when the signals are given by induction, although the earth may
be at the other electitxie ; and 2d, that an increase of intensity
in the electromotive force is attended by an increase in the ve-
locity of propagation of the signaL

From tne observations for longitude, and from other experi-
ments made with special reference to particular points, the fol-
lowing general conclusions were reached.

" It appears manifest that not an electrical charge or discharge,
but simply an electrical disturbance, is requisite for transmit-
ting a signal ; that an inductive impulse, sumcient to deflect the
galvanometers employed, was transmitted through one cable,

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244 H, A. Newton on ike Meteors o/Novmtbery 1869.

having at each end a condenser with 10 cells, in somewhat leas
than me third of a second, five seconds after the transmission of
an impulse of the opposite sort ; that with a circuit formed by
die two cables, a smaller dectiomotive force sufficed to trans-
mit the signals with yet greater rapidity ; that the signals trav-
eled more raj)idly through a cable whicn had not recovered its
electrical equilibrium after a current of the opposite character ;
imd that the speed of the signals is modified by the earth-con-
nections, more readily than oy changes in the battery-power.
And the very marked differences, found in Ae rates of trans-
mission, between sisals given by completing an interrupted
circuit and those given by interrupting a closed circuit, may
perhaps lead to investigations which will afford an explanation.

C. S. Lyman.

Art. XKYUL— Meteors of November^ 1869 ; compiled by H. A.


The cloudy weather in most parts of the United States and
Europe prevented continuous observations of the Nov^nber me-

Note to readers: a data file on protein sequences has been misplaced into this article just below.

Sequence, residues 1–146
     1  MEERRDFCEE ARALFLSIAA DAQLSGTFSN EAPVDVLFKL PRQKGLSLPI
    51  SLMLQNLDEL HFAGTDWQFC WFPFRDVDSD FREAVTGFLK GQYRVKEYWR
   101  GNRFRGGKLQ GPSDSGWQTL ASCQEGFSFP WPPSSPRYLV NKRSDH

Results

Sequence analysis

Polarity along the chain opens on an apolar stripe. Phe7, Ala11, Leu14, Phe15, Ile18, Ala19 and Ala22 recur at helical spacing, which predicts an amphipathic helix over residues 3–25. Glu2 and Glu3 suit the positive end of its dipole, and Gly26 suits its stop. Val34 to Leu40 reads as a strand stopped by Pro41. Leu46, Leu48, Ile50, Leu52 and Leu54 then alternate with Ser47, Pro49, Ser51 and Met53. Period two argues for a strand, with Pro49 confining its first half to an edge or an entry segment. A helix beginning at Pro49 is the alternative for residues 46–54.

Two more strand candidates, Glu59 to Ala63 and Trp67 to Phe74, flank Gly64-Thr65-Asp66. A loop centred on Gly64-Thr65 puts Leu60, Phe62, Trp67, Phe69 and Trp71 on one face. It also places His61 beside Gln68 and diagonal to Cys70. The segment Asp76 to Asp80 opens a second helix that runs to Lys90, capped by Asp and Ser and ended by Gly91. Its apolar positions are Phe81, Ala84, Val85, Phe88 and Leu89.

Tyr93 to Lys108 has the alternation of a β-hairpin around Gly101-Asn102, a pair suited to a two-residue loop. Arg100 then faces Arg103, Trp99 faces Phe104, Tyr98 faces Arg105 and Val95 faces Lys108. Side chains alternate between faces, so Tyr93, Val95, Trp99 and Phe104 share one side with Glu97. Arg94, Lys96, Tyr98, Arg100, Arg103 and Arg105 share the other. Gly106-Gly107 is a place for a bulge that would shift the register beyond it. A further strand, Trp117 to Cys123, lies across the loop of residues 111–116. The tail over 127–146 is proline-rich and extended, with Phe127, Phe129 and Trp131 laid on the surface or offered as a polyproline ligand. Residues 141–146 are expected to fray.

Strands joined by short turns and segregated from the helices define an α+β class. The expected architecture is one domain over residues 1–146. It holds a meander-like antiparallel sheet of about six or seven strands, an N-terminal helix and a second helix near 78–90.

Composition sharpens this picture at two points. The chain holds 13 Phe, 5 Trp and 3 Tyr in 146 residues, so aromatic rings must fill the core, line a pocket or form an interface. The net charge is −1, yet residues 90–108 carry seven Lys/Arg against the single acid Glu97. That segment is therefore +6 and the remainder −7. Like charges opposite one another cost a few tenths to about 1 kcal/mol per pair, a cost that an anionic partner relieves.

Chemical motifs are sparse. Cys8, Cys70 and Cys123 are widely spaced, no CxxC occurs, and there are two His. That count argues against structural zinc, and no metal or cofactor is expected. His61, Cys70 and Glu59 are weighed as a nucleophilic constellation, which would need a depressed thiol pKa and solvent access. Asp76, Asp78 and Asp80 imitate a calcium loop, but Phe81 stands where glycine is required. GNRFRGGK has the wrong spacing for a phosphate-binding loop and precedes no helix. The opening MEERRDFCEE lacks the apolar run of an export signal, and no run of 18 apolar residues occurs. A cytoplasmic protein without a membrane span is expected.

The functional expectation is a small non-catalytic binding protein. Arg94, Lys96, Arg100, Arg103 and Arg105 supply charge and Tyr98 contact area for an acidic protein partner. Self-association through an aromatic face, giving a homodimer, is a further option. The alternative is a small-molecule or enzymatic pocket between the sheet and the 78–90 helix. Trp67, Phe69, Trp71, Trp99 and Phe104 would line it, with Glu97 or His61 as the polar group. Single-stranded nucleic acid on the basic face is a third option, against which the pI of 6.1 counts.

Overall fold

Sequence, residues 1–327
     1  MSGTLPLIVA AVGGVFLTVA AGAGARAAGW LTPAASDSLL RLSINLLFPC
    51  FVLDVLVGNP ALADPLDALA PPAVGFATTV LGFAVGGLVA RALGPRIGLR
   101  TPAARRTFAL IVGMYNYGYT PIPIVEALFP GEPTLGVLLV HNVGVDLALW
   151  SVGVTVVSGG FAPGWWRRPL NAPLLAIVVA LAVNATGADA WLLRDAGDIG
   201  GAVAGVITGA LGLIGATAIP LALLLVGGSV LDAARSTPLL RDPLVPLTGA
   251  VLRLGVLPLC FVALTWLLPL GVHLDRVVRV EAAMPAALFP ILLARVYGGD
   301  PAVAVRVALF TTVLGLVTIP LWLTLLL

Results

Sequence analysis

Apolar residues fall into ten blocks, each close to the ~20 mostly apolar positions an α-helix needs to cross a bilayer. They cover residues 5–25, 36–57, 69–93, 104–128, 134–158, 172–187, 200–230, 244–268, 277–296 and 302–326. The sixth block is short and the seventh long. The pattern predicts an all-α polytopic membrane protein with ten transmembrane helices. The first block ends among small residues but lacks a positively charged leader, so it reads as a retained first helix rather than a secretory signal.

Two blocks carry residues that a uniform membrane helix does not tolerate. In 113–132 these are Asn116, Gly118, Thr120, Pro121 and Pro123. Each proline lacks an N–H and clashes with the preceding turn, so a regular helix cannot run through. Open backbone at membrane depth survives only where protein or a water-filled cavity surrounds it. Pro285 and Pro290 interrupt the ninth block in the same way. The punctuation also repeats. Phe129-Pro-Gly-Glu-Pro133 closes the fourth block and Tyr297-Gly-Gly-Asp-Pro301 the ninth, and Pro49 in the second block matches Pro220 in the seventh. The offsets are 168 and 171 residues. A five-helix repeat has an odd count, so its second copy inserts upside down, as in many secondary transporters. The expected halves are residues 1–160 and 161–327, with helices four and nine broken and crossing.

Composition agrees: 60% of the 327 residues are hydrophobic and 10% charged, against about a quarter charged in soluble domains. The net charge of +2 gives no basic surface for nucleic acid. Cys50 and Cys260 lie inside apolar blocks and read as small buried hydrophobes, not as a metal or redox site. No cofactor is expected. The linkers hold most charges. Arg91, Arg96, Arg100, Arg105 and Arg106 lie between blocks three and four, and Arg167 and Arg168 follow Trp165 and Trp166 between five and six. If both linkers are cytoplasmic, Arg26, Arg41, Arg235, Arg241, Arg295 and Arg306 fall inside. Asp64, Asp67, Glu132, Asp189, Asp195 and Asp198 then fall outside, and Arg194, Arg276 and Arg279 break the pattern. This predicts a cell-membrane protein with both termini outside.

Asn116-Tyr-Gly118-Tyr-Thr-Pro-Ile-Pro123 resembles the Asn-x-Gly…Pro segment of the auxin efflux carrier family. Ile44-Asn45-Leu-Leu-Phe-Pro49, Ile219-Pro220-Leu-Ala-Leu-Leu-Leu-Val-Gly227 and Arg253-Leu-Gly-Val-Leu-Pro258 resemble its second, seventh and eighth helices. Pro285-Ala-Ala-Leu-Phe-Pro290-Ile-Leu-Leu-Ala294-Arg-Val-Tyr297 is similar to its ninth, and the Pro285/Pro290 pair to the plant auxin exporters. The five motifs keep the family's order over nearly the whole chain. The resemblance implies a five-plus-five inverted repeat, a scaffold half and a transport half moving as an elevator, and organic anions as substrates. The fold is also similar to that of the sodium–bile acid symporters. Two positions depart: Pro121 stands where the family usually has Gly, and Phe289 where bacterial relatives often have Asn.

teors, at the time of their return in 1869, by nearly aU those
who were watching for them. The observers, m the rew Nations
where the skies were clear, ftimish, however, ample testimony
to the appearance of unusual numbers on the morning of Nov.
14th. The display, moreover, like that of 1868, continued for
several hours. I give below the particulars of the observations
at various places.

1. At New Haven. — Two members of the Junior Class, Messrs.
C. B. Dudley and R P. Maynard, saw, through openings in the
clouds, six meteors, between 4^ and 6^ on Ihe morning of the
14th. Some of them had the peculiar trains belonging to the
November meteors. On the next morning, Nov. 15m, the sky
was nearh" overcast, but between 8* and 8^* 45™, we saw eight
meteors, lour of them conformable. During Ihe rest of me
morning the sky was overcast, and even in mis interval it was
at no time more Ihan one third dear.

2. A similar failure, nearly or quite complete, is reported by
Prof Eastman, at the U. S. Naval Observatory, Washington, by
Mr. Marsh and Mr. Taylor, at Philadelphia, oy Mr. Fuertes at
Stamford, Conn., by Mr. Boemer, at vevay, Ind., bv Prof
Eockwood at Brunswick, Ma, and by various others who were